The effects pervade the entire upper gut, including the esophagus, stomach, and pancreas. They are still working with mice to see whether it also affects disorders in the bowels, such as colitis.
FOR SALE: Recreational Marijuana!
Including Camper’s regular medical patients, Organic Solutions of the Desert is serving 300 to 350 people a day. OSD has been in business for seven years and Camper was one of the first in the city legally licensed to sell medicinal marijuana. DOUBLING STAFF. Camper hired new help bringing his total employees to 22, but anticipates he will have to double his staff to make things run even more smoothly. Camper did his best to make sure he had everything covered his first day open for recreational sales, including additional parking.
An eighteen-gallon container sits open with a large taught bag of marijuana Camper had to reject because the grower did not have proper paperwork that made it legal for Camper to sell. Relying on his attorneys for the more complex questions, Camper constantly checks the State’s various websites for up-to-date information. Camper does a little business with Northern California, but chooses to support local growers as much as he can. Camper always believed marijuana would be legal someday. Camper is optimistic that the states that allow legal marijuana and are heavily invested have too much tax revenue to lose, and will fight back against any move to stop marijuana sales.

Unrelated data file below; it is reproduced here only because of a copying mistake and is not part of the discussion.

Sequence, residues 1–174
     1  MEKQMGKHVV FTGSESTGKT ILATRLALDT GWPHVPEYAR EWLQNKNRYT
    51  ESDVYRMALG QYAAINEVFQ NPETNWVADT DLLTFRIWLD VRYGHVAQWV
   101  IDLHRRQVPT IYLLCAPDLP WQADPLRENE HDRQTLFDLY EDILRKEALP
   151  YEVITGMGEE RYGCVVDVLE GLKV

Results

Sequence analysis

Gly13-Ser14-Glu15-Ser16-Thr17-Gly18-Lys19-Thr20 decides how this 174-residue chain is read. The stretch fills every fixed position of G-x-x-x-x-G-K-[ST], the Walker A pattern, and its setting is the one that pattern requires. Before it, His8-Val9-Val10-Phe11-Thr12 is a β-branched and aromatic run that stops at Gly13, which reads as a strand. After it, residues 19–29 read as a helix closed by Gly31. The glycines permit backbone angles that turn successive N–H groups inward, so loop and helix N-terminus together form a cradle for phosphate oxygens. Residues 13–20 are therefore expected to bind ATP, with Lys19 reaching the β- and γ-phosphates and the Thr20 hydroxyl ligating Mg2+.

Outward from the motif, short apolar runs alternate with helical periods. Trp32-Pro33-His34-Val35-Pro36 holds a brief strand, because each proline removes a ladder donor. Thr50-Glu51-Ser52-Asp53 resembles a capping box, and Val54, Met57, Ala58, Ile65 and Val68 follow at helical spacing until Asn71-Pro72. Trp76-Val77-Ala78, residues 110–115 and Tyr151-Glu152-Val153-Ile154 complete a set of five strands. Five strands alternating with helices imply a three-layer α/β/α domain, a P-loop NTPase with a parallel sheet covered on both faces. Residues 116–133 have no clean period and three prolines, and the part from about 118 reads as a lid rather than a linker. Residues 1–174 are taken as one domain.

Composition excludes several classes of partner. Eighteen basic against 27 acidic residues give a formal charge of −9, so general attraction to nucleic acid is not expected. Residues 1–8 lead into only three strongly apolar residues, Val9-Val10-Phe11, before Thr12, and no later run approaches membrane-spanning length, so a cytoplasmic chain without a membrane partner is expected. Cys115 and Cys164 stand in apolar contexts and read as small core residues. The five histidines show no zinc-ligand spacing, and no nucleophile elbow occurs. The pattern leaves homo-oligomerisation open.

At the time, there was no simple way to treat Hep C and Camper turned to marijuana. HELPING THE HOMELESS. For now, Camper’s clientele are 75 percent medicinal and 25 percent recreational. Camper is considering retiring, maybe in a year, to let the next generation take over.
Maine Legislators Override Governor’s Veto of Marijuana Legalization
For the last year and a half, Maine’s governor, Paul LePage, has been blocking implementation of a 2016 ballot initiative that legalized marijuana for recreational use. Yesterday state legislators showed their patience with LaPage’s objections had been exhausted, overriding his veto of a bill aimed at creating a system to license and regulate commercial production and distribution of cannabis. The vote was 109 to 39 in the House and 28 to 6 in the Senate, well in excess of the two-thirds required. LePage’s April 27 veto message made it clear that he is implacably opposed to the marijuana policy that voters endorsed when they approved Question 1 in 2016. While anyone who grows or sells marijuana is committing a federal felony, it is less clear that officials who license and regulate marijuana businesses are thereby violating the Controlled Substances Act.
Arguably they are simply certifying that the businesses have met the requirements to escape punishment under state law. Assuming that the CSA does prohibit licensing and regulation of the marijuana industry, it is clearly at odds with the federalist principles embodied in the 10th Amendment, which let each state decide for itself how to deal with production and distribution of cannabis within its borders. Presumably that is one reason why even Maine legislators who opposed legalization are determined to follow the will of the state’s voters.